From egg to chick to bird to food, countless human hands have brought this turkey to our table.
We are grateful for the farmers, the poultry plant workers, the shippers and market place workers, and those who have prepared this meal.

We are sorry and repent for any suffering, abuse or exploitation that workers feel as the result of their labor on our behalf.
We commit ourselves to eat this meal in peace, and rise from this table for work for justice and harmony on the earth and among the people of the earth.

Taste and see how good God is!

(from Interfaith Worker Justice, www.nicwj.org)

God of Blessing and Bounty

God of blessing and bounty, we praise you for the wonders of this creation.
As we see the Holiday table before us, we know that you have provided us with more than enough to meet everyone’s need. We celebrate the planting and harvest of your good gifts.

We also know, God of justice and mercy, that there are many people who have not been invited to enjoy the bounty of this table and this nation. We are mindful that many of the uninvited are the workers who made this meal possible. They have often suffered grave injustices in body, mind, and soul because of their labor on our behalf. Forgive us, we pray, for taking their labor lightly and for remaining silent as we enjoy the fruits of their harvest. May this food and fellowship nourish in us a heart of justice and gratitude until we taste the fruit of a just labor for all.
Amen.

(from Interfaith Worker Justice, www.nicwj.org/materials/materials_binserts.html)

United Farmworker Prayer

Show me the suffering of the most miserable,
So I may know my people’s plight.

Free me to pray for others, for you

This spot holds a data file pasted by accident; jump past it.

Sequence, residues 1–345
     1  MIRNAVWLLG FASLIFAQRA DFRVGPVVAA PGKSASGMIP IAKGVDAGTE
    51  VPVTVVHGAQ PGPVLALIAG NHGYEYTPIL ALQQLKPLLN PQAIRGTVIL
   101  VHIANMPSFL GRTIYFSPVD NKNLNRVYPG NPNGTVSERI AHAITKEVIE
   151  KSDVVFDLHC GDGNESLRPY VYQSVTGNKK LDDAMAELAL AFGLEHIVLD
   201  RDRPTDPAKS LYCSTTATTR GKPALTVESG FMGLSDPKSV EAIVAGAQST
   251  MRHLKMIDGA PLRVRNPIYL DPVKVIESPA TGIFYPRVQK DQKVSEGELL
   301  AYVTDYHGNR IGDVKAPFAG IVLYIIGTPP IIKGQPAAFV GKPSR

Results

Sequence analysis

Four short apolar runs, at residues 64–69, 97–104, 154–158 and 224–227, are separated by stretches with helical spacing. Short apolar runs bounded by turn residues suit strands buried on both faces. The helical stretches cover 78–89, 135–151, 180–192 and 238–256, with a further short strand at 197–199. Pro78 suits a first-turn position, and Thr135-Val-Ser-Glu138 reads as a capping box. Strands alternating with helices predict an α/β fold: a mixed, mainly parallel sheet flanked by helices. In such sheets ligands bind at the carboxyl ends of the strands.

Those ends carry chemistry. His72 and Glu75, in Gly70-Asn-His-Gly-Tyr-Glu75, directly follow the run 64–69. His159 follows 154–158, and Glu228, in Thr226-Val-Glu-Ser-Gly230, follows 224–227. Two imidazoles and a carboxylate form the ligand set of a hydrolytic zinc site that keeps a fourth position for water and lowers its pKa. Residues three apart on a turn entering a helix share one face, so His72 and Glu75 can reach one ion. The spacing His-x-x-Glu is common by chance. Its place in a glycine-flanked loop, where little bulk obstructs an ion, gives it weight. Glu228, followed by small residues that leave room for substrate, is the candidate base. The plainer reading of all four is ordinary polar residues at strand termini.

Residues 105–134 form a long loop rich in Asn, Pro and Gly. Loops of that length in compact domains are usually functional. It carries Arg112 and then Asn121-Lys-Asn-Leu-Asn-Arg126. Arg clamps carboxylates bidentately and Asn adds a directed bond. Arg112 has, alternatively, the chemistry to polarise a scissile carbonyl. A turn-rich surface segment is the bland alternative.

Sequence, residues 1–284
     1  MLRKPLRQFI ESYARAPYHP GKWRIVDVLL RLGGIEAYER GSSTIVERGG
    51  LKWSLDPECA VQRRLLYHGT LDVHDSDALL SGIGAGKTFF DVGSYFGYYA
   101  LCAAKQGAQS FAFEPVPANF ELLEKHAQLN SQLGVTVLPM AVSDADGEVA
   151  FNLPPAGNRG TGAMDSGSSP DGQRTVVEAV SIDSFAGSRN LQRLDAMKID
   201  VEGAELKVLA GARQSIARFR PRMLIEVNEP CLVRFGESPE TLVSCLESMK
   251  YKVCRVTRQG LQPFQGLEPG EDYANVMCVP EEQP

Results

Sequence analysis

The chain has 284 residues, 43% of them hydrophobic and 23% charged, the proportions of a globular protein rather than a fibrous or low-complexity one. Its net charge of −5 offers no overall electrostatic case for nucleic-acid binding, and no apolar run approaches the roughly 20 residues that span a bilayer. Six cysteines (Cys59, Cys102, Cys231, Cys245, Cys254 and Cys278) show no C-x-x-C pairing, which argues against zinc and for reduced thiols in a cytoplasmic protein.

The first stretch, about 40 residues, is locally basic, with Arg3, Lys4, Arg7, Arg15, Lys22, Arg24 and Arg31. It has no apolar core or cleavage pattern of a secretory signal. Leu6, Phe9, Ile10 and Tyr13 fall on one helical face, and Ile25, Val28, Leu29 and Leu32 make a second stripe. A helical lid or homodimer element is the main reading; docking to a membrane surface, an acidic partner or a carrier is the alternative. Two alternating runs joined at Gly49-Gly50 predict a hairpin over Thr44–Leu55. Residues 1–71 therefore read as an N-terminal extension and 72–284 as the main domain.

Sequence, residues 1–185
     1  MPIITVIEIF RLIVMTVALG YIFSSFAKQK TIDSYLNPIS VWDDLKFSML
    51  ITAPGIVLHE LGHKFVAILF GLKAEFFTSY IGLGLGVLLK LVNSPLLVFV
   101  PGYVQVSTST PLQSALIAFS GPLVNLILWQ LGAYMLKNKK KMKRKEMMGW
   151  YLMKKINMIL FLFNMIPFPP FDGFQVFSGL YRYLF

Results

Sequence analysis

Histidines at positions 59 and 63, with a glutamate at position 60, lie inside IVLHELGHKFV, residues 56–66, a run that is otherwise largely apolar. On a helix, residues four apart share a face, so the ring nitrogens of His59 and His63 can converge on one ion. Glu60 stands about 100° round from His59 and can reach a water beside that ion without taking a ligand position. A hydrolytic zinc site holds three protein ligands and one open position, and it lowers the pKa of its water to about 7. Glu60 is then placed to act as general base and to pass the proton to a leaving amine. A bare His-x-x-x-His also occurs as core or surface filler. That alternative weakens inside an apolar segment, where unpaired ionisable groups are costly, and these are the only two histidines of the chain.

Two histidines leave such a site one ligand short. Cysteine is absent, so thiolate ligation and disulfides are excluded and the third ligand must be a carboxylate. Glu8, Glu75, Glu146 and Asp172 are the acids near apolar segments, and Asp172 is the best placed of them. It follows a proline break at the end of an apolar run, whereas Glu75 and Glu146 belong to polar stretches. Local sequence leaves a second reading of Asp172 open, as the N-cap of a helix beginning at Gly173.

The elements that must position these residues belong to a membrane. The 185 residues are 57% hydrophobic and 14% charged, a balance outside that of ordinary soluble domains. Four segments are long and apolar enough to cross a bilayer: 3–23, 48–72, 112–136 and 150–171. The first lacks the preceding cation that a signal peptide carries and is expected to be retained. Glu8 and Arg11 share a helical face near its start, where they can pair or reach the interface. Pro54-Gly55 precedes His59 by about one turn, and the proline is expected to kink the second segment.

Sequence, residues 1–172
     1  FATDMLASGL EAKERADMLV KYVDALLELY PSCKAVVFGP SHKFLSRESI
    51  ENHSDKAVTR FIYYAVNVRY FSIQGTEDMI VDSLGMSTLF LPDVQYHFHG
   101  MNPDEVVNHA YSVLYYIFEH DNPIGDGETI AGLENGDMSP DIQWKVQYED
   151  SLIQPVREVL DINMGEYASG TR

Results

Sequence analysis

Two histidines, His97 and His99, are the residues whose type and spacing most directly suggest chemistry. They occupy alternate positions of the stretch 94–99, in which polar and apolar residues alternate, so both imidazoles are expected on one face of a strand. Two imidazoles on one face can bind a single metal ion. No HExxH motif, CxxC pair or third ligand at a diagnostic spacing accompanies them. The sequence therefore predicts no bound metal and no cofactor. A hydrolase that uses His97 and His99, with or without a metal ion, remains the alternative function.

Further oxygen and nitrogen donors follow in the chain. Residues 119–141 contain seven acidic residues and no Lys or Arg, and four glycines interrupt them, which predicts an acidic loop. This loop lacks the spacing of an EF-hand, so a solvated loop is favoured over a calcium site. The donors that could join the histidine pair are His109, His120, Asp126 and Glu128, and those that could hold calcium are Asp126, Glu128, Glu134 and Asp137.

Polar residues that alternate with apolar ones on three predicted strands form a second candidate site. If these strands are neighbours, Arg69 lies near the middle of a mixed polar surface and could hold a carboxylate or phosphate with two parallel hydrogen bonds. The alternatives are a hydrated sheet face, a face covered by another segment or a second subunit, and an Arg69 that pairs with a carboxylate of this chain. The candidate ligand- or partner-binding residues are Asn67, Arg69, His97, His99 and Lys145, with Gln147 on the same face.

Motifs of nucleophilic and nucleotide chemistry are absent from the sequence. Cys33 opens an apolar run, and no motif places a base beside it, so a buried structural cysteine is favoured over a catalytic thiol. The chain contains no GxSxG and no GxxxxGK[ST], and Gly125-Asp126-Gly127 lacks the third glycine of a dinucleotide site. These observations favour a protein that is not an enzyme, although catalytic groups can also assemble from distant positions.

Are present in every person.

Help me to take responsibility for my own life,
So that I can be free at last.

Grant me courage to serve others,
For in service there is true life.

Give me honesty and patience,
So that I can work with other workers.

Bring forth song and celebration,
So that the Spirit will be alive among us.

Let the Spirit flourish and grow,
So that we will never tire of the struggle.

Let us remember those who have died for justice,
For they have given us life.

Help us love even those who hate us,
So we can change the world.

Amen.

(written by Cesar Chavez, founder of the UFW (1927-1993)
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Suggested Hymns for Justice for Farmworkers

Canto de Esperanza (Song of Hope)
Presbyterian Hymnal 432

Envía Tú Espíritu (Send Your Spirit)
Gather Hymnal (Catholic) 459

Jesus, Lead the Way
Gather Hymnal (Catholic) 642

Una Espiga (Sheaves of Summer)
United Methodist Hymnal 637
Chalice Hymnal (Disciples of Christ) 396
New Century Hymnal (United Church of Christ) 338

Woke Up This Morning
Chalice Hymnal (Disciples of Christ) 623

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Quotes about Justice for Farmworkers

It is possible to become discouraged about the injustice we see everywhere. But God did not promise us that the world would be humane and just. He gives us the gift of life and allows us to choose the way we will use our limited time on earth. It is an awesome opportunity.
César Chávez

Be angry about injustice! Use your skills to make the world a better place.
Dolores Huerta

What do we want the Church to do? We don’t ask for more cathedrals. We don’t ask for bigger churches of fine gifts. We ask for its presence with us, beside us, as Christ among us. We ask the Church to sacrifice with the people for social change, for justice, and for love of brother. We don’t ask for words. We ask for deeds. We don’t ask for paternalism. We ask for servanthood.
César Chávez

To not take sides is to side with those in power.
Gustavo Gutierrez

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Vignette about Justice for Farmworkers

Voices of Farmworkers

Worker 1